Comolli: Reds’ squad complete

In a summer of change at Anfield manager Kenny Dalglish brought in

seven new players and offloaded most of the deadwood which had

accumulated over the last couple of years. Owners Fenway Sports

Group’ net spend in the two transfer windows since assuming control

last October is around £45million. It was felt such

expenditure was required in order to give the club the best

possible chance of quickly turning around their dip in fortunes

after seventh and sixth-place league finishes and regaining

Champions League status. Certainly the recruitment of Luis Suarez

and Andy Carroll in January and Charlie Adam, Stewart Downing, Jose

Enrique, Jordan Henderson, Sebastian Coates, Craig Bellamy and Doni

over the summer has made the Reds stronger in all areas. And

director of football Comolli said now was the time to assess the

new signings and see how the squad operates as a whole. “We want to

see how we’re going to do,” said the Frenchman. “We are very

pleased with what we’ve done during this window and the previous

one as well. “For me it’s like a big window from January until

August 31 and in total we brought in nine players, we changed the

team and changed the squad, so it’s the time to reflect. “To be

honest I would really struggle to say we need something there or

something there because I think we have such a complete squad at

the moment. “Let’s see how those players develop, how they gel

together, how the young players like Sebastian Coates adapts, and

then we can make a decision (on areas to strengthen) later.” While

there was a need to make significant changes to arrest the decline

of the last two seasons Comolli pointed out the recruitment policy

was part of a long-term strategy and not just a quick fix. All but

the 32-year-old Craig Bellamy of the nine players signed under

Dalglish are aged 27 or under. “It’s not a work for one season,

it’s a work for two, three, four seasons, especially when you are

investing in young players, as we’ve done,” said the director of

football. “Hopefully we’ll reflect back on the summer of 2011 –

which was crucial, we knew that – and then we’ll be happy with the

work we’ve done.” While the departures of the likes of Christian

Poulsen, Joe Cole and David Ngog was expected the late transfer of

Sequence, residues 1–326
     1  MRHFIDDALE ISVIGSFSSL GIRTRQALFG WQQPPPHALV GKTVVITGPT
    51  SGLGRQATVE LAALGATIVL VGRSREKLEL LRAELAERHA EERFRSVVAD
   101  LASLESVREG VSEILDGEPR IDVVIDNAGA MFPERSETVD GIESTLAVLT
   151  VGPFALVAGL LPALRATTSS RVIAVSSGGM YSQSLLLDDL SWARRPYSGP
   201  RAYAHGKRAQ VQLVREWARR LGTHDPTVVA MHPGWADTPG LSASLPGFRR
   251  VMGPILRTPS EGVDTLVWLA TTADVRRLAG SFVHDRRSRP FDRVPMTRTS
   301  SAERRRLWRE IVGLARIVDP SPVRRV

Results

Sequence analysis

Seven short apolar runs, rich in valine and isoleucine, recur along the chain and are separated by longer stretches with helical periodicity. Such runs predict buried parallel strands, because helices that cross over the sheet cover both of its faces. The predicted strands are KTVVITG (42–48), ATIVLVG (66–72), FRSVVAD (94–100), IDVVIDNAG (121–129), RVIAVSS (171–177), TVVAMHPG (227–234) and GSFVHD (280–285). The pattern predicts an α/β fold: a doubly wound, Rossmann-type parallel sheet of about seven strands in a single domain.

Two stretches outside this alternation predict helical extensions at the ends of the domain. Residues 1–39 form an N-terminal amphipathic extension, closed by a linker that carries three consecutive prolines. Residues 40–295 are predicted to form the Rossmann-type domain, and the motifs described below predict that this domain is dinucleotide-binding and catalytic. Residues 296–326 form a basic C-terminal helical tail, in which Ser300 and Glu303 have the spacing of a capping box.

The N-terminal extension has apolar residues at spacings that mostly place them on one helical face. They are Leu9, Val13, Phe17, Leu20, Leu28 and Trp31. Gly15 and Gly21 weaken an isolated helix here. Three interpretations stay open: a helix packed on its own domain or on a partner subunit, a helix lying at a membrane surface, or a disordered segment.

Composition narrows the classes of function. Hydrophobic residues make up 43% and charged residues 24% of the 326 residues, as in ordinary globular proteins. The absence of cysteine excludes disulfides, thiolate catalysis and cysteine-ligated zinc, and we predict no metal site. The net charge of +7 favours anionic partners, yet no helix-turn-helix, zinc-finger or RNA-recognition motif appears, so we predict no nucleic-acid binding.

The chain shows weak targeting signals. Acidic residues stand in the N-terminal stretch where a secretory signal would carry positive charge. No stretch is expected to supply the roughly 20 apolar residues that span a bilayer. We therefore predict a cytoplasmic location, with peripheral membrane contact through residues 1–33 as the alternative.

Raul Meireles to Chelsea minutes before the deadline closed came as

something of a surprise. The Portugal international, who was at

Anfield only 12 months, has since claimed he had not planned on

leaving and was told he had to hand in a written transfer request

after hearing of the Londoners’ interest. Liverpool, for their

part, were not planning to sell him but when the situation arose

with the end of the window looming both there was an agreement

reached which suited both parties. “Basically he came to see me and

said ‘I want to leave, I want to play for another club’,” Comolli

told liverpoolfc.tv. “Our intention was not to sell him but we were

put in a corner a little bit when he put in a transfer request and

said he wanted to go and that he didn’t want to play for Liverpool

any more. “I think the owners and Kenny have said it, and we all

have the same view. When someone doesn’t want to be here it’s

difficult to say ‘You are going to stay’. “We’ve been through that

process in January with Fernando Torres (who also went to Chelsea)

and this felt like the same situation. “We think it was the right

thing to do for the club, because it’s very difficult to have

somebody here who doesn’t want to be here. “The job of the manager

in the Premier League is already difficult having to manage 25

players and only having 11 to start on a match day, so you have to

deal with all the others. “If you have someone who is adamant they

don’t want to be here and wants to play for someone else we took

the view it’s better if he goes and we get the best possible deal

for the club. “In the end I think we did well.”